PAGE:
What to Do about Racial Disparities?

The first thing to say about race relations in the United States in 2016 is that, if we take the long view and keep things in perspective, they are really not that bad.  No slaves, no Jim Crow, a black president, a Martin Luther King Day federal holiday, and on and on. It may sound Pollyannaish to say so given the recent unrest on the streets and on campuses, but it’s true.

Another point to be kept in mind has to be stated delicately, but it does have to be stated:  Race relations is about African Americans. We wouldn’t be having a national conversation on race otherwise.

With all that in mind, let’s start out by asking the basic question, which is, “Where is it we want to end up?” That is, to figure out what we need to do, we have to ask what it is we would like our country to look like.

The answer is not that complicated. We’d like to have no institutionalized discrimination, of course; and as little individual discrimination as possible, too; and it would be a good thing, as well, if there were not dramatic racial disparities. More on how important the latter is in a moment.

So, how are we doing?

Well, the claims of the Left and Hillary Clinton to the contrary notwithstanding, we really don’t have any institutionalized discrimination – except, ironically and importantly, of the politically correct type. Indeed, our laws ban racial discrimination in just about every public transaction you can think of – employment, education, contracting, voting, you name it – with dubious exceptions for “affirmative action.”

As for individual discrimination, it is socially unacceptable to be a bigot, and there is less and less bigotry. There are certainly individual bigots – of all colors – and some of them are in positions of authority. There are bigoted policemen and bigoted employers. But they are outlaws, and outliers. The number-crunching has shown that there is no police war on young unarmed black men, most companies aggressively celebrate diversity, our most selective schools uniformly seek out “underrepresented” minorities, and so on.

The notion of “implicit bias” is, again contrary to the claims of the Left and Hillary Clinton, scientifically disputed and, in any event, unlikely to translate into systematic differences in actual treatment, which is as a general matter both consciously avoided and legally dangerous.

The problem, then, is racial disparities, in things like crime, employment, and education. So what is to blame for it, and what do we do about it?

Before answering this question, there is an important caveat: It is both unrealistic and dangerous to think we can eliminate all racial disparities. Different groups have different priorities and different interests. It’s also true that they bring with them different histories and cultures. And more on that now.

The possible reasons for racial disparities might be divided into these categories: ongoing discrimination, continuing effects of past discrimination, selection criteria that are not discriminatorily motivated but have racial effects (“disparate impact”) and disputed utility, and cultural variations.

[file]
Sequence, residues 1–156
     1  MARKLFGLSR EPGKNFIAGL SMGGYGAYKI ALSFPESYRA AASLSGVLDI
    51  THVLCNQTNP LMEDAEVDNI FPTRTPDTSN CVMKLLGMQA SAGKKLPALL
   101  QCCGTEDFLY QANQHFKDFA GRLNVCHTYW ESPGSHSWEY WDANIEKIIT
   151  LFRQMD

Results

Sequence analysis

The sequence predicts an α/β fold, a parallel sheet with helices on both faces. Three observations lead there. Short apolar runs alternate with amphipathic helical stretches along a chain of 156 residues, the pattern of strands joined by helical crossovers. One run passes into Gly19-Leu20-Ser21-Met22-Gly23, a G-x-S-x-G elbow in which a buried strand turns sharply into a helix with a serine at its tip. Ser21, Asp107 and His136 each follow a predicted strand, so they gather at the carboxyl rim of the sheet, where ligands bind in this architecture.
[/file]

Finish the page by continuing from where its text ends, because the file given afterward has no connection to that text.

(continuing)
It can’t really be disputed that all of these things exist to some degree, but there is a lot of disagreement about how much of each there is, both absolutely and in comparison to the others, and what to do about them.

But consider: Even as we struggle with deciding, as an empirical matter, how much of each there is, there ought to be plenty of common ground on what to do, and what not to do, about each.

For example, when it comes to ongoing discrimination, liberals and conservatives should both agree that enforcing existing laws against it should be a priority. And isn’t it clear that, in an increasingly multiracial and multiethnic society, all groups should be protected from discrimination?

When it comes to the continuing effects of past discrimination, we ought to be able to agree that those effects are diminishing with every tick of the clock. And can’t we agree that, in all events, it is a mistake to use race as a proxy for disadvantage since there are disadvantaged people of all colors – as well as advantaged people of all colors? The president himself said as much, when he noted that “white kids who have been disadvantaged and been brought up in poverty” would be more deserving of a leg up in university admissions than his own “pretty advantaged” daughters.

Conservatives believe that the costs of the “disparate impact” approach to civil-rights enforcement overwhelm any conceivable benefits. Liberals disagree, but they should concede –as Anthony Kennedy and the four liberal Supreme Court justices did in a pro-disparate-impact decision last year – that there need to be serious constraints on its use because of those costs.

And, finally, there is also a growing recognition that cultural problems – and, in particular, out-of-wedlock birthrates – are an important underlying cause of many social disparities, both within and between different racial and ethnic groups. Conservatives like me may believe that this is the reason for the racial disparities that still so stubbornly exist, and liberals may deny that, but if we’re agreed that they are at least a significant problem, then shouldn’t we recognize that, talk about it, criticize it, and spend some time coming up with programs to discourage it – and avoiding policies that incentivize it?

Roger Clegg is president and general counsel of the Center for Equal Opportunity.

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